Tomorrow, we'll share our current reading list.  We'd love to hear from any of our readers who may have suggestions for reading material they've found interesting that may appeal to us.  How fun would that be!

May your Sunday be relaxing and fulfilling whatever you decide to do!
______________________________________

Photo from one year ago today, April 26, 2014:


It wasn't uncommon to find orange trees growing in restaurants in Marrakech when most restaurants were built, similar to our riad, with an open air center courtyard. For details from that date as our time in Morocco was winding down, please click here.

An email that sent us over the moon...A special person we met in our lives of travel...


Anderson, standing at the marker for the border between Kenya and Tanzania.
Yesterday morning, I discovered an email in my inbox from Anderson, our guide while on safari in the Masai Mara.  The email in his words:

"Jambo from masai-mara,Kenya.
Hi jessica and tom,how are you doing my friends?.long time since we meet at masai-mara at sanctuary olonana camp,where are you now?..since you told me that,you were travelling all over the world!..am sorry that i did not  have time to visit you at mombasa-ukunda.
Concerning my employment,i resigned from olonana few months ago,and i bought a new safari land-cruiser to start my own safari business within kenya,tanzania and uganda.so please if happen that you want to do a safari, am always there for you,..and please recomment me to your friends for me. Thanks my friends, Best regards from Anderson ole Pemba."



In October 2013, over 18 months ago, we went on safari in the Masai Mara (aka Maasai Mara), situated in southwest Kenya as one of Africa's most magnificent wildlife reserve.  Connected to the Serengeti National Park in Tanzania it is the world's most popular safari game viewing environment.

We stress the fact that our expedition was game viewing, not hunting.  We would never engage in the self serving slaughter of exquisite animals in the wild as their numbers dwindle based on the intervention of humans. 


How we got so lucky to have Anderson as our guide falls into the same "safari luck" category that seeing the Big 5 in our first 10 hours on safari seemed to fall into, all accomplished only due to Anderson's expert skills and keen eye.  No one on the planet can drive across rough terrain with his expertise nor can spot a lion sleeping in a tree all the way across the plains.



Tom and Anderson really hit it off.  This was within moments of arrival at the dirt runway airport in the Masai Mara.
Not only was his warm, thoughtful and engaging personal a factor but his sense of adventure, willingness to literally "go the extra mile (kilometer) and his vast knowledge left us with a memory that will truly last a lifetime. 

An amateur photographer such as I with a less than ideal camera was able to take photos that will always stay in our hearts and minds and into infinity, located here on the Internet for generations to come.

Anderson's efforts made this lifelong dream of mine become a reality.  As a child I dreamed of Africa, the Africa we experienced in the Masai Mara, and Anderson helped make it a reality we'll both always treasure.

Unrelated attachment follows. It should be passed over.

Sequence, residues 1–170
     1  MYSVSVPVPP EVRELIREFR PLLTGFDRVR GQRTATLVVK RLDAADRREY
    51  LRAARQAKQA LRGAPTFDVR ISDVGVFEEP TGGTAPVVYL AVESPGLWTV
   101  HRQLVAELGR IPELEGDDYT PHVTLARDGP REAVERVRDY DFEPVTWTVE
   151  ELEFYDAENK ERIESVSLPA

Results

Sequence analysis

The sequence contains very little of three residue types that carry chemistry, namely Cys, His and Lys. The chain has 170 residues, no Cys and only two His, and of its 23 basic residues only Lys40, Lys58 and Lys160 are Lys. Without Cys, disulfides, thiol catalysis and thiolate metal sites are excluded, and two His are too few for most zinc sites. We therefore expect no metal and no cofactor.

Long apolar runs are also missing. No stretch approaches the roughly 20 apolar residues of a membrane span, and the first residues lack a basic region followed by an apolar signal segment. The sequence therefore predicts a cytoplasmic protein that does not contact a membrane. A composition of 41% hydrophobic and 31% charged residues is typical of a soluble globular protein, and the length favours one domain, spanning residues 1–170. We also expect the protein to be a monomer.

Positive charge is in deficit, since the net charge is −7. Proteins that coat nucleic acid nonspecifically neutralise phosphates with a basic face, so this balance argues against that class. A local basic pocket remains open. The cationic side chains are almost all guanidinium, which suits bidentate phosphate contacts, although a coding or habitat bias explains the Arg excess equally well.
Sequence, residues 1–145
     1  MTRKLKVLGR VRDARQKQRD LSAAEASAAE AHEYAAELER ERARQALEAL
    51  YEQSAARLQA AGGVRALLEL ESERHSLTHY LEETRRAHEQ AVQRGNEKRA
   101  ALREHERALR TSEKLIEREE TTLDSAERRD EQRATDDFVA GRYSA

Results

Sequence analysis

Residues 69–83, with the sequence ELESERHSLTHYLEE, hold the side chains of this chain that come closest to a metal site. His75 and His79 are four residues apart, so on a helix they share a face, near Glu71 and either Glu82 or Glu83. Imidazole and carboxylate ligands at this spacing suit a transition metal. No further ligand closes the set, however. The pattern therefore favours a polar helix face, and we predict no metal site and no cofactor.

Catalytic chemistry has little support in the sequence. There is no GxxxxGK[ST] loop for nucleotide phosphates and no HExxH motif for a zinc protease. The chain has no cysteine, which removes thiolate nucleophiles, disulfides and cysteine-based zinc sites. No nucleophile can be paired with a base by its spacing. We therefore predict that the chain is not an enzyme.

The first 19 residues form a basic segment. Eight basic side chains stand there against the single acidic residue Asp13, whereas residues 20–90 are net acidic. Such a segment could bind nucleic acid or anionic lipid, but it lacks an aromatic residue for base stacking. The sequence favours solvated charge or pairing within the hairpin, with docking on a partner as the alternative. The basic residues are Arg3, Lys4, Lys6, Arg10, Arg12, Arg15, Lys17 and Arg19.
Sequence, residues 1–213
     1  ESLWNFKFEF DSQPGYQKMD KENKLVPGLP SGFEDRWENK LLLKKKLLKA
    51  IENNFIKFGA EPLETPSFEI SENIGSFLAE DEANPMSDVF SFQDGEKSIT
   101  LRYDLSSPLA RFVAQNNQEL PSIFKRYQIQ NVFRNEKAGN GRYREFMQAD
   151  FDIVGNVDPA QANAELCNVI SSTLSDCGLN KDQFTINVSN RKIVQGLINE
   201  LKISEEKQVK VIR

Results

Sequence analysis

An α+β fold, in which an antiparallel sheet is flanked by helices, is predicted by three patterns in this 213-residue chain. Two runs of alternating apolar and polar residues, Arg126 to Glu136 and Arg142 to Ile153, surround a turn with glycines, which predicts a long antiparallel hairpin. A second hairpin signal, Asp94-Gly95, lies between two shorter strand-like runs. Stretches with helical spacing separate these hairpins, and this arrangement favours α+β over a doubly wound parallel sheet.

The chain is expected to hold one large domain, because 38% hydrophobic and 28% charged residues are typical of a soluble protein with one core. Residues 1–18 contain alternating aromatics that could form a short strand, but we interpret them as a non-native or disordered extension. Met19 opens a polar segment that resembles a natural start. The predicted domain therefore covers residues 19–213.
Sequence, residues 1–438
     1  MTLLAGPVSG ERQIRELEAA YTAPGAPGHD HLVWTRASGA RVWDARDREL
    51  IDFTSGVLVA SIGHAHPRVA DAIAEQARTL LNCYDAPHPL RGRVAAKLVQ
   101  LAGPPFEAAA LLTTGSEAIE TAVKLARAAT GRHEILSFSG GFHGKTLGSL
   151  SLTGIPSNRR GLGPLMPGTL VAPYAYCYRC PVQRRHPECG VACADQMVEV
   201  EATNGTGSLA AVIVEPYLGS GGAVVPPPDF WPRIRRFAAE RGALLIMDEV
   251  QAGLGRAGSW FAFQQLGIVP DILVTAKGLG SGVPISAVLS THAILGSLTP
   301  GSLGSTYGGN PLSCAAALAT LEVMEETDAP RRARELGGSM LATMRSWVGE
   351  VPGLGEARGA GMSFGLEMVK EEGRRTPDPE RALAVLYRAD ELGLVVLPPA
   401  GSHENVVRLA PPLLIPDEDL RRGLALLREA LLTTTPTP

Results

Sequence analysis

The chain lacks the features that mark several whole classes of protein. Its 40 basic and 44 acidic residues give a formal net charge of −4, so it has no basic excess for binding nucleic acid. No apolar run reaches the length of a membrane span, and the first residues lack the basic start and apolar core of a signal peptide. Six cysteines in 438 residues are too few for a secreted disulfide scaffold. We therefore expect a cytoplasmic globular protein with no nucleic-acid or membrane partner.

When the short three day period as guests at Camp Olonana by Sanctuary Retreats came to a close my heart ached over having to say goodbye.  Would we ever return to the Masai Mara in Kenya with so much political unrest in the country and when there's still so much world to see? 

I knew we were in good hands the moment we met Anderson. 
Yes, someday we'll return to Africa to see Victoria Falls in both Zambia and Zimbabwe and to see the gorillas in Uganda or Rwanda, although there are other locations where they are to be found.  Plus, my heart longs to return to Marloth Park for a period of time as well.  Someday.

Although we spent only three days with Anderson, for as much as eight hours each day, the time was never enough.  Realistically, three days in the Masai Mara is enough time during which with a great guide, one can see and take photos of many of the treasures in this extraordinary location.

Not only did he ensure we could see all that we longed to see, he left an indelible mark on our hearts not only with his skills but, with his delightful demeanor, sense of humor and passion to please regardless of the size of the group in his vehicle, at most six tourists. 

When we arrived at the dirt runway airport in the Masai Mara, Anderson was waiting for us immediately taking me into the circle of his strong arms for a bear hug.  At that moment, I knew we were in good hands.  He'd take good care of us, ensure our safety and equally ensure we had the time of our lives.


Anderson had arranged a breakfast in the bush with the chefs preparing foods I could eat along with standards for the others. 
At the airport we had to wait for another couple's plane arriving in an hour and a half.  Instead of standing around waiting in the hot sun, Anderson suggested he take us out to see what we could find in that short period of time. 

And find, we did, as shown in the many photos in this post which we uploaded that first evening when we were exhausted after a quick meal having arrived too late from an sunset safari to shower and change for dinner. 

With dust all over our clothes and with no Internet access in our tent, after dinner we sat on the sofa in the lodge with a wifi poor connection attempting to upload multiple photos and story, knowing our readers were waiting to hear from us. 


With wild animals all around us, we dined on a perfect breakfast without a moment of fear.  We always felt safe with him even if we were only 15 feet from a hungry lion.
The posts were a mess with poor formatting and typos but, we knew once we returned to Diani Beach, Kenya, we'd have plenty of time to go back and make any necessary edits.